As urbanization is a global phenomenon, cities and urban areas all over the world witness rapid population growth. According to 2011 World Urbanization Prospects (Department of the Economic and Social Affairs, Population Division of United Nations, 2012), 52.1% of the entire world population reside in cities. Rapid growth of urban areas has caused a wide range of urban problems such as shortage of affordable housing, traffic congestion, and environmental degradation. The human habits concentrated in urban areas have also been vulnerable to natural and man-made disasters and hazards which have constantly destroyed and threatened citizens’ lives and private properties. A safer living environment is a critical issue for any urban area to address to create a prosperous and sustainable human habitat.
This study attempts to develop a method to evaluate the difficulty of emergency response activities in densely built-up areas, focusing on practical usefulness and issues in local cities of Japan. The emergency response activities are classified into evacuation, firefighting, and rescue, based on previous research. The method evaluates the difficulty of the activities by calculating the non-arrival probability and arrival distance for each building, using physical condition data. The developed method is applied to case study districts in Japanese local cities that have disaster mitigation issues. From spatial and quantitative analysis using evaluation results of the emergency response activities, we found that the difficulty of the activities in local cities is relatively low compared with results obtained in previous research dealing with densely built-up areas in big cities such as Tokyo and Osaka. Finally, we discuss the possibility of the proposed method as a support tool for community-based planning for disaster mitigation that can plainly offer residents useful information about the difficulty of the response activities.
Concurrently with the advance of urbanization, many urban problems have increased in our everyday life. It is said that there has been a decrease in the number of crimes committed in Japan, but the number of urban crimes is, on the contrary, increasing. Accordingly, crime prevention has been one of the biggest issues in city planning. A number of arguments about CPTED (crime prevention through environmental design) or other crime preventive methods have been already carried out. While most papers show the relationship between macroscopic geographical aspects and the occurrence of a specific crime, the impact of more microscopic objects and/or spatial design in the crime site as the spatial vulnerability against a crime has not been clarified. Moreover, there is a clear need to find resilience, in other words the difficulty to commit a crime. Therefore, this paper’s purpose is to reveal the vulnerability and resilience against one specific crime, arson, in Fukuoka and more specifically in Haruyoshi district, through consecutive researches from urban planning and environmental psychological viewpoints. As a result, we found that there are temporal and spatial vulnerabilities against arson in Fukuoka and Haruyoshi which remain to be improved intensively. However, at the same time, Haruyoshi has some resilience against arson, and we conclude that the human traffic, observability and inanonymity are high in the district. Consequently, at the end of this paper, based on the knowledge about both vulnerability and resilience of the district, specific suggestions are proposed on the way to install CPTED in Haruyoshi against arson.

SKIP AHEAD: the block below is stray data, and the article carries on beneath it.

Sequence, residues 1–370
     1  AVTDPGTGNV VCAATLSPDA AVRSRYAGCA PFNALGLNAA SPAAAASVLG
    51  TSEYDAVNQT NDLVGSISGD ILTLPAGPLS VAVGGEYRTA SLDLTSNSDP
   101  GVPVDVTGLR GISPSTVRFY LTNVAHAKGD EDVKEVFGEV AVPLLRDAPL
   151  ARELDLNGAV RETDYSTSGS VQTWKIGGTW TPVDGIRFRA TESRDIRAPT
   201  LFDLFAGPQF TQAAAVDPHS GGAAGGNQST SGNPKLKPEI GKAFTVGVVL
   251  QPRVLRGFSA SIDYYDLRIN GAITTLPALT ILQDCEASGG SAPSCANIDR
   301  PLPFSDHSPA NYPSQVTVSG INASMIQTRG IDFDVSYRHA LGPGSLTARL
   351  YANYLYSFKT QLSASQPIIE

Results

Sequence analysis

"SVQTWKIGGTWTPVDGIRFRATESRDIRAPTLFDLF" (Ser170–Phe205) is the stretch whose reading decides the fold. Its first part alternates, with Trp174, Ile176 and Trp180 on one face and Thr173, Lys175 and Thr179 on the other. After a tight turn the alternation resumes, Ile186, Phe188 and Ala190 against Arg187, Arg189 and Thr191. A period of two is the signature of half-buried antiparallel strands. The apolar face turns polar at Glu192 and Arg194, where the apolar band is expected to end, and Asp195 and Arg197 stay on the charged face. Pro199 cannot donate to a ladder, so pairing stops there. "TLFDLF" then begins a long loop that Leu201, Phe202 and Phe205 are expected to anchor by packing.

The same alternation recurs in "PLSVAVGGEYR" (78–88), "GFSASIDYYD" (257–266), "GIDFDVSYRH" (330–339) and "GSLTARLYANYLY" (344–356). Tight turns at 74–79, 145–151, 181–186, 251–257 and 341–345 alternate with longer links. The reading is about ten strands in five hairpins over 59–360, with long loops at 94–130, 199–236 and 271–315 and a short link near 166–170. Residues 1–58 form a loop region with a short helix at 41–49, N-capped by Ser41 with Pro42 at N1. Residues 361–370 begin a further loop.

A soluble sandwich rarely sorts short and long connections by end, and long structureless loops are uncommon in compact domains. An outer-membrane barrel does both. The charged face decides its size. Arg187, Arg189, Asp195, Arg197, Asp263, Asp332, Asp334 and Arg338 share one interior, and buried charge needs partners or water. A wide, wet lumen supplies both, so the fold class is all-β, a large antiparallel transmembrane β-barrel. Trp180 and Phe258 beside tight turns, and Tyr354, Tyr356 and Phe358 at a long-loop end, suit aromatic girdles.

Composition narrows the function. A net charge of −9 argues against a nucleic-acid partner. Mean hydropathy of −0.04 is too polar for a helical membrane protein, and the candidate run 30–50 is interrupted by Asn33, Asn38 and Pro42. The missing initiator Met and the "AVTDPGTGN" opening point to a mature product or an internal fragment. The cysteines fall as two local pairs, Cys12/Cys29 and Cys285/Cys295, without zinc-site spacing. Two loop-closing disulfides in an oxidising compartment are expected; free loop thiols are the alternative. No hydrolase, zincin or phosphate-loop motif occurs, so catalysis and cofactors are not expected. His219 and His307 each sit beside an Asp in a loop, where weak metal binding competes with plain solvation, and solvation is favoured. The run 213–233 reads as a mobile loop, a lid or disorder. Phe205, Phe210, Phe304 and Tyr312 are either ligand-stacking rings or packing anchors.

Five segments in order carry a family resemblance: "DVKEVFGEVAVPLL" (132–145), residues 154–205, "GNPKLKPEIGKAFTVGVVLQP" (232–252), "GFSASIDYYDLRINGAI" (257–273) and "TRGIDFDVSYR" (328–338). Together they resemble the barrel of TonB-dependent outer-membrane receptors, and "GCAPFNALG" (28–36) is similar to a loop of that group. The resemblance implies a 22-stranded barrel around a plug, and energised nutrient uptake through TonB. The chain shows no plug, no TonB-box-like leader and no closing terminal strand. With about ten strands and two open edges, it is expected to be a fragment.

For urban areas with complicated functions and facing rapidly increasing exposure to disaster risks, reducing vulnerability is the most effective way to alleviate damages and losses, which requires first and foremost precise assessment of the social and economic system’s vulnerability. Considering the strong variations of social and economic factors by location and convenience for emergency management, it is very important to take small blocks as the basic spatial unit for vulnerability assessment. However, thus far appropriate evaluation method at such scale is quite inadequate in terms of theoretical framework, data acquisition method and analytical model. Taking Haidian district in Beijing as an example, a set of models was developed to solve these problems. Day and night population estimation model, population vulnerability assessment model, economic scale model, and economic vulnerability assessment model were designed to assess the population and economic vulnerability of urban areas. Results of the case study in Beijing demonstrated the population and economic vulnerability of each block in the study area, and suggested a difference between daytime and night time. The hotpots of high vulnerability were also identified and the land use characteristics and function agglomeration of these areas were discussed. Clearly, these results provided an important base for making effective disaster prevention plan and emergency management.
This study is to suggest a new methodology of crime risk assessment and application method. The current crime risk assessment method is to infer the possibility of crime occurrence by analyzing the past crime data. But there are many limitations and problems to depend on the analysis with past data. Considering these problems, this study proposes the new methodology to assess crime risk integrated with the existing methods and various factors based on the CPTED principle. This methodology is named as 'Multi-Layered Risk Assessment (MLRA)' because it uses the various factors layered using GIS. The results of MLRA represent a visual graphic for easy interpretation after grading the crime risk. The characteristics of MLRA are able to grade the crime risk on the street and intersection and to be applied in CCTV positioning.